When sex becomes an addiction
Ryan Summerlin January 23, 2012
Now at age 60, Stephen H. is finally able to talk openly about his sexual addiction.
“The courage comes a little at a time,” he said. “Every step allows you to deal with it and build more and more courage.”
Stephen has all too familiar with his own addictive behavior. He is a recovering drug addict, alcoholic and sex addict. For years he was held hostage by what he describes as a “hijacked mind” – falling into patterns of self-destructive behaviors to cope with deeply-rooted emotional pain.
Raised by alcoholic parents, Stephen said he began masturbating at age four to find comfort amidst neglect and abuse. He said he was exposed to drinking and pornography in his household, and by age eight he was using both as a means of escape.
“It was the way I learned to cope,” Stephen said. “My behaviors allowed me to survive and be comforted.”
Don Bissett is a licensed professional counselor and certified sexual addiction therapist in the Vail Valley. Bissett said recent research points out how addiction can be related to genetics in your family, and shows that addicts have certain markers within the brain and are present for people with conditions such as alcoholism, eating disorders, compulsive behaviors, attention deficit disorder and turrets syndrome.
“The brain research is revealing that people with those problems have a deficit of dopamine,” Bissett said. “So you can see that if you start with an insufficiency of dopamine, you are behind the curve in terms of having a feeling of well-being.”
Bissett said that sex and alcohol will raise the presence of dopamine over 100 percent in the brain, which may explain the perpetuation of certain addictions.
“Addicts will turn focus into obsession,” Bissett said. “They become preoccupied with whatever they use as rewarding activity, whether that be sex, drugs, alcohol, food or exercise.”
He said sexual addiction is the compulsive use of sex and sexual behaviors to promote a better feeling about oneself, even if only temporarily. Well-known sexual addiction expert Dr. Patrick Carnes estimates around 3 to 6 percent of Americans have a sexual addiction.
By his mid-teens Stephen began smoking marijuana on his own, and he said he began taking any drug he could get his hands on. He continued drinking alcohol, and his acts of frequent masturbation and pornographic interest continued as underlying obsessions in his life.
He said that sexual release was always therapeutic for him, providing comfort when he ran away from home at age 17 and lived on the streets, in fields and under bridges.
“There has always been an overwhelming degree of shame and disgust,” Stephen said. “It’s a constant theme – even though you know you are harming yourself and making yourself feel bad, there is always this compulsion that seeks a release to deal with the internal pain and turmoil.”
Stephen’s secret sexual impulses continued for years, through his marriage and the birth of two children. But it was his alcoholism that was the ever-present issue in his home – an addiction he addressed after realizing its impact on his family, and he has been sober from alcohol for 26 years.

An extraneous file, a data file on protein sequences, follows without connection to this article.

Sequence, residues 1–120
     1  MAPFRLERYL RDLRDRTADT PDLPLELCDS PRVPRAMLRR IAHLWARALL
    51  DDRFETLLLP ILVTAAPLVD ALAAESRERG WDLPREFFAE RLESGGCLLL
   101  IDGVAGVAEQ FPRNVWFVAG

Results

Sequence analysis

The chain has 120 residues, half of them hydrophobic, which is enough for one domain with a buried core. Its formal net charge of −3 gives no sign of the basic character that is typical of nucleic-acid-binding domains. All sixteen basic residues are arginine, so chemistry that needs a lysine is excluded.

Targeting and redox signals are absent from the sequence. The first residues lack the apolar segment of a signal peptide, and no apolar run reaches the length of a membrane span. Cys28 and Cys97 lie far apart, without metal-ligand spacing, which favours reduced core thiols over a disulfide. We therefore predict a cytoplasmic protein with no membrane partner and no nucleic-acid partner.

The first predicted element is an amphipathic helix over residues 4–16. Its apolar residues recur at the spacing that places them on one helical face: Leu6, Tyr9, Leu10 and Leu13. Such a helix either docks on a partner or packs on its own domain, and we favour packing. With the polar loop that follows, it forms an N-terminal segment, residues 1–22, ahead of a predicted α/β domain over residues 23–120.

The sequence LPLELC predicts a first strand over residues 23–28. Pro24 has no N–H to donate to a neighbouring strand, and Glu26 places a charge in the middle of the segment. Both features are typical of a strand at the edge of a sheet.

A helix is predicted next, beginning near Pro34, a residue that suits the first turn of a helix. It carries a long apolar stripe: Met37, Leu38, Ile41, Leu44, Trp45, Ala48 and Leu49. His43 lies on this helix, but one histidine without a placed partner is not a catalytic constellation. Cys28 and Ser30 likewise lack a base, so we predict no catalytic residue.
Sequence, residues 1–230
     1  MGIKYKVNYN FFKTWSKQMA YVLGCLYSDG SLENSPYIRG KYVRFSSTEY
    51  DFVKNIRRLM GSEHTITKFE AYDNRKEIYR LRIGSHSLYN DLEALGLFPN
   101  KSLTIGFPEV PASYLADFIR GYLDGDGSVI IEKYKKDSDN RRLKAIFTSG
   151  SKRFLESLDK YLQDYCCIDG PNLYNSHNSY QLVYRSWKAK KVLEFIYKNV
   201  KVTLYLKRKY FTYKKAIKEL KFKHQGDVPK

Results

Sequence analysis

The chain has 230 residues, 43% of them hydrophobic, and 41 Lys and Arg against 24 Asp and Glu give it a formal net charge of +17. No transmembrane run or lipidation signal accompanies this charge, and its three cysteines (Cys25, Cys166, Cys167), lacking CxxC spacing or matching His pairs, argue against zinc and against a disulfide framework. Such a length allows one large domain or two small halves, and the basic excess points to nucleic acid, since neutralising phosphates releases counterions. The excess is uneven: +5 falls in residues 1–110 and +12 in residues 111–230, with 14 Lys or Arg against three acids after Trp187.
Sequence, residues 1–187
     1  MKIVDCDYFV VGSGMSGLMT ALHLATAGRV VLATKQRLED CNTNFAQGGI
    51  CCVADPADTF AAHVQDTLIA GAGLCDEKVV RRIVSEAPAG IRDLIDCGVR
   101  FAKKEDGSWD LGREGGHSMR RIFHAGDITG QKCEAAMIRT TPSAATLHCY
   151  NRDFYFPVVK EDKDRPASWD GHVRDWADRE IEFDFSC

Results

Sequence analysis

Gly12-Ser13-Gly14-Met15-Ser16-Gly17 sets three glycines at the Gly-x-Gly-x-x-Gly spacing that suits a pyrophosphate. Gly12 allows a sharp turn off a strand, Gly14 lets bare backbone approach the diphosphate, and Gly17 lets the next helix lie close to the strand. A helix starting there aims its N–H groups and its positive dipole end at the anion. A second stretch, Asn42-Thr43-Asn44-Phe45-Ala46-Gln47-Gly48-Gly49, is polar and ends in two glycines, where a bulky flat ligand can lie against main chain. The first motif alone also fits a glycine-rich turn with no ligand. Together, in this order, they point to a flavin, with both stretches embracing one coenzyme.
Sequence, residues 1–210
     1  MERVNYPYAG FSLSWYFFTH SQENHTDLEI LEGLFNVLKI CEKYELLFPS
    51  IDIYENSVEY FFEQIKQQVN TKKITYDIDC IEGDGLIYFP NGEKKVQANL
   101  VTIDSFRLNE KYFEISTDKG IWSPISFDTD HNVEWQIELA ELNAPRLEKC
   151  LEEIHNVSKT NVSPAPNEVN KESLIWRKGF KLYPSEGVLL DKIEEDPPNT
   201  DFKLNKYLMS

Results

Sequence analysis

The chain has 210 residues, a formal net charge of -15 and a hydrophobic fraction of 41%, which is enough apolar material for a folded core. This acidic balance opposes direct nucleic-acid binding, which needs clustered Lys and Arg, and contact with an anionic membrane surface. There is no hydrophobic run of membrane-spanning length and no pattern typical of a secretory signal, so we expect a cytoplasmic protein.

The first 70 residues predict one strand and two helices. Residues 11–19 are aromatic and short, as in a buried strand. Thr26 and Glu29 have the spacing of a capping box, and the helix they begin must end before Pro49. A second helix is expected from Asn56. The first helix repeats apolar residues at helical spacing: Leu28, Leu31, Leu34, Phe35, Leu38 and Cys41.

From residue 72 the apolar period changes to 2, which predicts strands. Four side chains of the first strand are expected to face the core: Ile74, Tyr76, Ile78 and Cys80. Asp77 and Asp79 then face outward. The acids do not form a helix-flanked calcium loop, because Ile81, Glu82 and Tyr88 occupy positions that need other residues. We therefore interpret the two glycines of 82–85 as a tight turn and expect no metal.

The sexual addiction was not addressed, however, and in what he calls a “double life,” Stephen began intensifying his behaviors – exposing himself and masturbating in public places, as well as seeking more graphic pornography. He said it was the high-risk and criminal behavior that began giving him the high he craved in his addiction.
Bissett said that once an addict no longer finds a preoccupation rewarding, he or she will intensify the preoccupation to find the reward.
Even as he found himself entangled in feelings of hypocrisy and shame, Stephen said spiritual consciousness never allowed him to turn to prostitutes or be unfaithful to his wife.
“I did get to the point where my anger at myself was being directed toward my wife,” Stephen said.
Stephen’s decision to go to a therapist led him to the well-known book “Out of the Shadows: Understanding Sexual Addiction,” by Carnes, Ph.D. Bissett is the only counselor in the western part of Colorado who has gone through Carnes’ certified sex addiction therapist training. There are four levels, and Bissett has completed the first level.
“I read the book in three days and I immediately realized that was me, and I knew I needed help,” Stephen said.
He sought help at Carnes’ treatment center in Hattiesburg, Miss., and has since moved to Longmont, Colorado and is active in his recovery with Pamela Kohll, certified sex addiction therapist at the Boulder Center of Sexual Treatment and Recovery. Stephen volunteered to be interviewed for this story during a group counseling session with Cole at the Boulder Center last week.
“Since I no longer have any lies or any secrets, I have a clean conscious and freeness of speech, and that’s a wonderful place to be,” Stephen said. “I can now set appropriate boundaries for myself. I am able to let go of the past, and I am actually able to experience life in the moment, and what a gift it truly is.
“My life is absolutely fantastic, I no longer live in the shadows,” Stephen said.
Bissett recommends a sexual addiction screening test (SAST) for anyone who may think they have a sexual addiction. He said to visit www.sexhelp.com for more information.
Kim Fuller is a freelance writer based in Eagle County. Send comments about this story to firstname.lastname@example.org.